Vanished Worlds, Enduring People

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George Catlin. Catlin’s Indian Gallery. Handbills and Admission Tickets. London, June 1840. [view first image] | [view second image]

[image: REX009_049, from Piccadilly Egyptian Hall, June 1840]

Catlin (1796-1852) was determined to educate the public about the diverse and threatened native cultures he encountered during his 1832-1836 tours of the West. Catlin’s well-publicized Indian Gallery, which traveled to several cities in Europe and America, featured his paintings of Indian subjects and his collection of ethnographic objects as background to his lectures. Catlin’s admiration for native peoples and his criticism of incursions into their territories provided audiences with a different perspective about western tribes. In late 1839 he shipped eight tons of materials to London, where his gallery opened in January 1840. The gallery traveled to various venues until, in 1852, declining public interest forced his to auction off his paintings to satisfy creditors.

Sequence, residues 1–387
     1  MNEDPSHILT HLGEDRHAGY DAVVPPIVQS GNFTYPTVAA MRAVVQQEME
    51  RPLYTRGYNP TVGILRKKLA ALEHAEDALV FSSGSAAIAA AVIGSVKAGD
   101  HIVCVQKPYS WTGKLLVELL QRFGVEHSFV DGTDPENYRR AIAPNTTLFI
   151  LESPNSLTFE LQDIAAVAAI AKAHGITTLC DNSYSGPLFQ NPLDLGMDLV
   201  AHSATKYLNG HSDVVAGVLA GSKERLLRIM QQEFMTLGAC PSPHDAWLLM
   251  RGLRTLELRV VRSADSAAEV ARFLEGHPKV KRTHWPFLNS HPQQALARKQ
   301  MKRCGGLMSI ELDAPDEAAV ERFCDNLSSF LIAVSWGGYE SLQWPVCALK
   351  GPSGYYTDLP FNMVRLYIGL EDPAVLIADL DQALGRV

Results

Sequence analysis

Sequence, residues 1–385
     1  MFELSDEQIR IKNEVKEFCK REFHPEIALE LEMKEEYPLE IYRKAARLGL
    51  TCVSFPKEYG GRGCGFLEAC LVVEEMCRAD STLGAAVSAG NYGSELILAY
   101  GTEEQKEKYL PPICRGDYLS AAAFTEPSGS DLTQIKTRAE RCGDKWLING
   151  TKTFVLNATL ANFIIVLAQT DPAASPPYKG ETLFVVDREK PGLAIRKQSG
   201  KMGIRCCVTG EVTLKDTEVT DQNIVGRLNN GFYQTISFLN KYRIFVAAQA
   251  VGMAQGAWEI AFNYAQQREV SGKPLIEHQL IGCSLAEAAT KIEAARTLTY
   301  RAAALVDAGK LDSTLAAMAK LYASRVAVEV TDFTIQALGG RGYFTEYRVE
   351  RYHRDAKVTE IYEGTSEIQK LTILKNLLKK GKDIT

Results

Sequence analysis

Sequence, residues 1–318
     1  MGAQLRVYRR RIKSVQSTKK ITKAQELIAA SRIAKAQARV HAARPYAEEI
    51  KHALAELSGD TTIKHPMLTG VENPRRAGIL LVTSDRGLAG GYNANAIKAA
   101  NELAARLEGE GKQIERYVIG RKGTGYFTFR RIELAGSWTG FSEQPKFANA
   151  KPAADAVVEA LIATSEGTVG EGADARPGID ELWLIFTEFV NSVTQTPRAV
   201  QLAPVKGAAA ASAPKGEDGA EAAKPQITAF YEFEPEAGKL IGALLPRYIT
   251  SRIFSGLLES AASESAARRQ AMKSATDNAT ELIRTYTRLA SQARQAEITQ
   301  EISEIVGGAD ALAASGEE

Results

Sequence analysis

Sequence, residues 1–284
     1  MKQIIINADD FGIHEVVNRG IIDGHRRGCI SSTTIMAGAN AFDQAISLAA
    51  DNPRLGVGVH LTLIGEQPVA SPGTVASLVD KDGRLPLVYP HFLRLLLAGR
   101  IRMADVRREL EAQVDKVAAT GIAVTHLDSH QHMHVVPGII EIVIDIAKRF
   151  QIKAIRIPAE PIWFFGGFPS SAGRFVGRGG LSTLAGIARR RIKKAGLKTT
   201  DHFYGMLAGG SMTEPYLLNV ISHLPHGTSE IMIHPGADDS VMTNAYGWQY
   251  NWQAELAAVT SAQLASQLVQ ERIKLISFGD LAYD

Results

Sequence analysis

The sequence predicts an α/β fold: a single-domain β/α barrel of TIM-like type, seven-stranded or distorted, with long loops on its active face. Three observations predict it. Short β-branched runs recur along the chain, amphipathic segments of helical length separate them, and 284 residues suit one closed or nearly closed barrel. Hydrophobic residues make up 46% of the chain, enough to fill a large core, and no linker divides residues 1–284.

Catlin was a born publicist. Cornell’s Native American Collection includes handbills, admission tickets, and newspaper clippings advertising his gallery in London and Paris.

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